The Alban Way runs between two of Hertfordshire’s heartland towns: St Albans, the county’s ecclesiastical capital, and Hatfield, its aristocratic capital (which description you may doubt if you have just seen the new-town centre, but here stands Hatfield House, the home of the Marquesses of Salisbury). The Alban Way uses the route of the old Hatfield to St Albans branch line of the Great Northern Railway.
The route is a cycling route primarily. It may be walked of course, and a good walk it is even in ordinary shoes. At just six and a half miles long it is a morning’s walk, or a pleasant way by bike between the two towns. It could also be used as a link between the stations in St Albans and Hatfield and the railway lines that otherwise do not meet until they get to central London.
The route is reasonably level and the path has been laid down with a smooth cycling surface: it would be easy to use such a cyclepath to hare off at dangerous speeds, but please beware of others using it. Slow down and enjoy the greenness.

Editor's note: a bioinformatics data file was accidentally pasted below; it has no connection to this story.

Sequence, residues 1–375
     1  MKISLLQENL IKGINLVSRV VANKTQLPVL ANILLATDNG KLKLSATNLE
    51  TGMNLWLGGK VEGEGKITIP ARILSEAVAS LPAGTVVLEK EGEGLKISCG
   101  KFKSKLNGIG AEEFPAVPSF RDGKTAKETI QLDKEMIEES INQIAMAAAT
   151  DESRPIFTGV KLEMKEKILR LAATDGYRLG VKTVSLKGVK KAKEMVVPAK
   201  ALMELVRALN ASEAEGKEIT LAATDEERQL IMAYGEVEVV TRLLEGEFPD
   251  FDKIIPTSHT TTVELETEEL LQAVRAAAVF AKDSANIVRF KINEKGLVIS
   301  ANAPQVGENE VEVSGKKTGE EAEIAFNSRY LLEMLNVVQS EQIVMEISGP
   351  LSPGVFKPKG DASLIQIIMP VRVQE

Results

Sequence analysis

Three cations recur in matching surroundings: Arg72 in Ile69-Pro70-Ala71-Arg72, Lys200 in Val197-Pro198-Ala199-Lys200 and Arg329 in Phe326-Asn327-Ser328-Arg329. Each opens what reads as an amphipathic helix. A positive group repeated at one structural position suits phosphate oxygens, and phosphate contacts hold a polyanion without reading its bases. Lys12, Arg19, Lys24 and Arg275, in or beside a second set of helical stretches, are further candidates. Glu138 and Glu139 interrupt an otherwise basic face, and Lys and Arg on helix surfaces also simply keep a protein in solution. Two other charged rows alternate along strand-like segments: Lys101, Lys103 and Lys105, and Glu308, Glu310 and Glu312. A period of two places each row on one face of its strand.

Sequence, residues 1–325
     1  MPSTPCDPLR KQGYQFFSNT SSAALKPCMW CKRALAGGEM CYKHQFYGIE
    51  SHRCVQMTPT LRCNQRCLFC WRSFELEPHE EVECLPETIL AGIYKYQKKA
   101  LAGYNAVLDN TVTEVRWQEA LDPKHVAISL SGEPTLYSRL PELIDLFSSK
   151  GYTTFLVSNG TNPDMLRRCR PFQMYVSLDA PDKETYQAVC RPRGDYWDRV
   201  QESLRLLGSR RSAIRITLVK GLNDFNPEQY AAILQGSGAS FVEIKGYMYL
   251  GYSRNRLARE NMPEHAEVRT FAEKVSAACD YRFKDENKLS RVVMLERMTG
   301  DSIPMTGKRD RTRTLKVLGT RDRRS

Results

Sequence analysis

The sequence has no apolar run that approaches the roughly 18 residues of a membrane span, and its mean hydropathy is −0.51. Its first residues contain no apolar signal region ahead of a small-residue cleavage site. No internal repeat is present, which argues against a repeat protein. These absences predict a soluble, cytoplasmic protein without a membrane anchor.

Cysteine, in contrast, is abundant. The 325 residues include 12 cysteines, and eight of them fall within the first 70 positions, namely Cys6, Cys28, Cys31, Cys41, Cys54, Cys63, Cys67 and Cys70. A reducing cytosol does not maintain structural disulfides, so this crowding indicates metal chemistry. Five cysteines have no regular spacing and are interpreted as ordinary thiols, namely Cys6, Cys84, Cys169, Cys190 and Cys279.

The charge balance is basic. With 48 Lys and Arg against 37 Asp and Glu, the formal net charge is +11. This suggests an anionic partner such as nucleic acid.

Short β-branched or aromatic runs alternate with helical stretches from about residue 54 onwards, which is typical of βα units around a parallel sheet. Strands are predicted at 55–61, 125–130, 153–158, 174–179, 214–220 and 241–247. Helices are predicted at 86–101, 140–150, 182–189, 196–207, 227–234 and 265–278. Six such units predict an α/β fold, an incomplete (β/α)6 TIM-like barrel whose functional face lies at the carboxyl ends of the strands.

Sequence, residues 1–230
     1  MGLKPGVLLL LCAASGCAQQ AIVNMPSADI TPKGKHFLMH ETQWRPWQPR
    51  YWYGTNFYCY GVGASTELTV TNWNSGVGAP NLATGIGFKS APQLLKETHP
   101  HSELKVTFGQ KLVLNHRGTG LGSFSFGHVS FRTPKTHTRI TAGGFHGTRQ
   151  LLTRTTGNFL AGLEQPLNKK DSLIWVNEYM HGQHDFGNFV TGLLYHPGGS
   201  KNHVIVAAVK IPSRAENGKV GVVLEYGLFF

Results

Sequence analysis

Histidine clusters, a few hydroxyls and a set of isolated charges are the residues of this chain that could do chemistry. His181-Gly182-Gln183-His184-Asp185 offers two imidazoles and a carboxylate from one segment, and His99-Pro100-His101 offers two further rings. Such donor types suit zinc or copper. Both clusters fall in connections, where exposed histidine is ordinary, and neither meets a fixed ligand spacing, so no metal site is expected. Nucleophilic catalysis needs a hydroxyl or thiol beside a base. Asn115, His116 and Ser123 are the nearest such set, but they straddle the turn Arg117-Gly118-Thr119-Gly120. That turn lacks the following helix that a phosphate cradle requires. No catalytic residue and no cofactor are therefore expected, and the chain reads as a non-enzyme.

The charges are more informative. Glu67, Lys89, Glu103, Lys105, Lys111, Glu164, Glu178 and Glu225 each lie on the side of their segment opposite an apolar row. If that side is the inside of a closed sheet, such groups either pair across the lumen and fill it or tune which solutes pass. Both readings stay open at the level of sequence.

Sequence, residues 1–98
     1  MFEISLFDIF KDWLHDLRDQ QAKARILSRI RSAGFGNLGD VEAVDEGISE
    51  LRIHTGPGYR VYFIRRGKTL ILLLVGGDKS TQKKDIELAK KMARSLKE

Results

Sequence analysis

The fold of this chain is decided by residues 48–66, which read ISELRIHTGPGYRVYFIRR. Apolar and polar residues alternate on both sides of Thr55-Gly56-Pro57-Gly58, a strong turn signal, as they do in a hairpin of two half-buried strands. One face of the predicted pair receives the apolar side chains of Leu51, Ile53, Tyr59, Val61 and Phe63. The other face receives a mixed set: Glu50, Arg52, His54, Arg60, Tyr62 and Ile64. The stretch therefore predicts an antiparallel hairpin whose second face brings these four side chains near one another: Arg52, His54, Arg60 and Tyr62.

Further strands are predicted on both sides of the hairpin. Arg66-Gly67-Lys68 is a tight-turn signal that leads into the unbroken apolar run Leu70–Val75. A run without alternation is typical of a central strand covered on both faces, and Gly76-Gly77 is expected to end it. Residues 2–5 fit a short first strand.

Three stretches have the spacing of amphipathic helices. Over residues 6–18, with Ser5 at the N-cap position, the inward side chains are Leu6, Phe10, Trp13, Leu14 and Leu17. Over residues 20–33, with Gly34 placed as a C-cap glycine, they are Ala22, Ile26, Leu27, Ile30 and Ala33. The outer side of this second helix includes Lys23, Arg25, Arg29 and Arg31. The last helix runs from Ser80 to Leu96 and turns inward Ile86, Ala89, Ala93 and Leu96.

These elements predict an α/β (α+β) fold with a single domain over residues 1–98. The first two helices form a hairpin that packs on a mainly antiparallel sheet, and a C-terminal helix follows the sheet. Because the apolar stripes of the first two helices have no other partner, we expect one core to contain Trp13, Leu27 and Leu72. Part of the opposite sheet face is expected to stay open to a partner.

From west to east, the Alban Way starts from Cotonmill Lane in St Albans, just south of St Albans Abbey Station, and heads east. It soon meets the Hertfordshire Way, and here crosses the River Ver (not a raging torrent). After this, the way cut cleanly through the town’s eastern outgrowth, eventually to emerge in that precious green cordon between St Albans and Hatfield.
Once the two towns were considered to sit far apart: it tells something of the rapid growth of the twentieth century that a small gap now separates them, and that bridged by a vicious fast road. The Alban Way though is between the Hatfield Road to the north, with its eastward-reaching fingers of residential and industrial estates reaching eastwards, and the sub-motorway A414 to the south.
The Alban Way enters Hatfield close by the A1(M) and takes to the road to cross the latter as it enters the Hatfield Tunnel. Then it follows north-eastward cutting through the townscape and largely hidden from it, to finish at the edge of Home Park, and the state of Hatfield House.
I cannot think of a more satisfying way to get between the two towns, or between the Cathedral and the great house, whether by bicycle or on foot.